Apr. 29, 2013
Researchers have married two biological imaging technologies, creating a new way to learn how good cells go bad. "Let's say you have a large population of cells," said Corey Neu, an assistant professor in Purdue University's Weldon School of Biomedical Engineering. "Just one of them might metastasize or proliferate, forming a cancerous tumor. We need to understand what it is that gives rise to that one bad cell."
moreApr. 02, 2013
The development of nanostructured lacquers and propellants needs to master the cellulose nitrate processing on the nanoscale. The challenge is the deposition of single cellulose nitrate molecules to image them with molecular resolution. We report on the effect of solvent, shaking duration and deposition techniques, from which the spray technique succeeded, for the first time to our knowledge, to image by Atomic Force Microscopy, individual molecular cellulose nitrate polymeric chains.
moreFeb. 26, 2013
Complexity of cell membrane poses difficulties to quantify corresponding morphology changes during cell life. To quantify it, we present an evaluation of entropy and fractal dimension of macrophage membranes from Atomic Force Microscopy (AFM) images before and after treatment with microtubule destabilizing or stabilizing agents. We show that entropy and fractal dimension are sensitive to the weak micromorphology changes produced by small concentrations and incubation times of these treatments.
moreJan. 03, 2013
Imaging biological materials is one of the main branches of biomedical engineering. Particularly, imaging living cells at the single-cell level is highly important for fundamental understanding of cell behavior and its interaction with the extracellular matrix. The resolution of commonly used optical microscopy is limited by diffraction of light to ~200 nm. However, the major elements of the cell membrane such as transmembrane proteins, ion channels, cell adhesion proteins etc. are essentially nanostructures, which cannot be resolved with optical microscopy.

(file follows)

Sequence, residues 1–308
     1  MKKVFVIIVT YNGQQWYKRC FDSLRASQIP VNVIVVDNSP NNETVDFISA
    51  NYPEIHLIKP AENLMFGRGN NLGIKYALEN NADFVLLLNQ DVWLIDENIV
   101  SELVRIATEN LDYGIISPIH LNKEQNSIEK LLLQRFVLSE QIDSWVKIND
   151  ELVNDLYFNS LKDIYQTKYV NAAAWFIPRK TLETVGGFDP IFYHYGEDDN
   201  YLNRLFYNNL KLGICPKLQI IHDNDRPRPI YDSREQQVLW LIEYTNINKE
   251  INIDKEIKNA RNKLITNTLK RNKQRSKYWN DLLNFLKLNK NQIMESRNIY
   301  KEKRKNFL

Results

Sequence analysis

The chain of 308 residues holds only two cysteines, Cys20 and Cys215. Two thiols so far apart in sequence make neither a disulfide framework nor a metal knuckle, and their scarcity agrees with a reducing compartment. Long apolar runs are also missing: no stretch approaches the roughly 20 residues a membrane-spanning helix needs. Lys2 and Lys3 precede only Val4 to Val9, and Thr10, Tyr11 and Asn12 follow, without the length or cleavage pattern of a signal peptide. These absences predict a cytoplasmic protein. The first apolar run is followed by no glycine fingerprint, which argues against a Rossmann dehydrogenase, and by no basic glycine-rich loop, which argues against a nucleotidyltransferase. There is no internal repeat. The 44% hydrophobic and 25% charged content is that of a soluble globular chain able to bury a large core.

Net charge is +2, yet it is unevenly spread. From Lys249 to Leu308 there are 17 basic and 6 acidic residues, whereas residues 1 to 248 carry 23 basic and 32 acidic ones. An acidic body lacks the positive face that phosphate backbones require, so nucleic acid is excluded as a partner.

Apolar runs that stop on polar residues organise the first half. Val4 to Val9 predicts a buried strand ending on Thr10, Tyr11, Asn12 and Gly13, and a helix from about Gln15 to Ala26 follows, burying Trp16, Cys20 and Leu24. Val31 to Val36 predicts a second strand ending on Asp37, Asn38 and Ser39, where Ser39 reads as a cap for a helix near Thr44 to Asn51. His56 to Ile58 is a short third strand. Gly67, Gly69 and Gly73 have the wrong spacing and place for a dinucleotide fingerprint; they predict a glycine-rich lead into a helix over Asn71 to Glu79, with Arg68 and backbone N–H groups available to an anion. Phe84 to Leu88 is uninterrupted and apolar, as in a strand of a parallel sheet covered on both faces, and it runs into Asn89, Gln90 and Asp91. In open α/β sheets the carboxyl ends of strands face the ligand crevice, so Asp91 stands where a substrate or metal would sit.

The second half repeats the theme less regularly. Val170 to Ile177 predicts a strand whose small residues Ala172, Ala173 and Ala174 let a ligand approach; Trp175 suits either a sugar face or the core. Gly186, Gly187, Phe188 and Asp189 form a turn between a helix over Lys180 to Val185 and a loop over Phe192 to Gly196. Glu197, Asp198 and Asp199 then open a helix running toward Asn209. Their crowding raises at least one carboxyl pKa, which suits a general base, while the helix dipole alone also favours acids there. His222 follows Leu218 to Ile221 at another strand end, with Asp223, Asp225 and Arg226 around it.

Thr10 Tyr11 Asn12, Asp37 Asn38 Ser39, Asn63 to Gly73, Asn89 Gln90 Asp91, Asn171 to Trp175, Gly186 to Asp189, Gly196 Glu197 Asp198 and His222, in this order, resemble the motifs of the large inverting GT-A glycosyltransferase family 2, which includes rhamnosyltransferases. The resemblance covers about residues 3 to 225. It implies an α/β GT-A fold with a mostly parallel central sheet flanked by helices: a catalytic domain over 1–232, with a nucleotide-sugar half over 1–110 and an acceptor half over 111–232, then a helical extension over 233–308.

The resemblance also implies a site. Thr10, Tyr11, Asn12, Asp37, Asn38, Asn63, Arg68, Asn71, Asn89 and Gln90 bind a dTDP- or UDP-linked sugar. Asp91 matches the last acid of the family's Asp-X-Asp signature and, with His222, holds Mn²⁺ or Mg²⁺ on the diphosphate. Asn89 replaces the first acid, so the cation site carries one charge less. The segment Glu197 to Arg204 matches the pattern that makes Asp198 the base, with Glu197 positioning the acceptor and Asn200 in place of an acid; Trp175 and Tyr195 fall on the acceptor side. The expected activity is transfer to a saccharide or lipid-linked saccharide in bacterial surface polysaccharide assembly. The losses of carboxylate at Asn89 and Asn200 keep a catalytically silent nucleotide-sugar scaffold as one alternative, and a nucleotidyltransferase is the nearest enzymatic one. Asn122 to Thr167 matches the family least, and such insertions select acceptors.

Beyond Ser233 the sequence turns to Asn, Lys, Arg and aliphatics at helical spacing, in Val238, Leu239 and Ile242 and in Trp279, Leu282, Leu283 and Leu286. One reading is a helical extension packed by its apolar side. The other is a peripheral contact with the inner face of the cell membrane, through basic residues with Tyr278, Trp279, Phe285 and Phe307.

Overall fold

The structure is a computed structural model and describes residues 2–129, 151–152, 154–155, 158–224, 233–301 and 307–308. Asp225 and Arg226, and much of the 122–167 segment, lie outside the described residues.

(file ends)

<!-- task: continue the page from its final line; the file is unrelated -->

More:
moreDec. 17, 2012
Carbon nanotubes (CNT) have been demonstrated since 1996 as ideal probes for scanning probe methods because of their nano-size, their cylinder geometry and their mechanical properties. Their use hasn‘t spread out as expected, due to lack of control of their fabrication and of their interaction with surfaces. Sixteen years later, this knowledge is now acquired. Carbon nanotube probes can provide more than high resolution thanks to their high mechanical and chemical stability and surface sensitivity.
moreDec. 12, 2012
The group of Dr Rikke Meyer from the interdisciplinary Nanoscience Center (iNANO) at Aarhus University, Denmark has used AFM and single-cell force spectroscopy to work at the interface between microbiology and nanoscience in the quest to understand how bacteria form biofilms and how this may be prevented.
moreDec. 06, 2012
Solid supported phospholipid bilayers (SPB) formed by fusion of small unilamellar vesicles on glass, quartz and mica surfaces constitute an attractive model for studying lipid membrane properties and functions. Therefore, it is crucial to understand the mechanisms of SPB formation under different experimental conditions. In situ atomic force microscopy imaging can reveal the details of this process.
moreNov. 30, 2012
Bruker Nano Surfaces Division has introduced NanoLens Atomic Force Microscope accessory for ContourGT 3D optical microscopes.
moreNov. 29, 2012
Bruker Nano Surfaces Division has announced the release of IRIS TERS Probes. By enabling Tip- Enhanced Raman Spectroscopy (TERS), the IRIS TERS Probes provide users a complete path to nondestructive, label-free chemical detection at the nanoscale.
moreNov. 22, 2012
In recent years the atomic force microscope (AFM) has evolved from a high resolution imaging tool to an enabling platform for physical studies at the nanoscale including quantitative mapping of mechanical characteristics of surfaces providing simultaneous topography and mechanical property maps across the length scales. In the work presented here peak force tapping AFM was utilized to elaborate the nanoscale mechanical performance of phase separated polyurethanes (PUs) and the mechanical properties of lysozyme molecules adsorbed to mica substrates.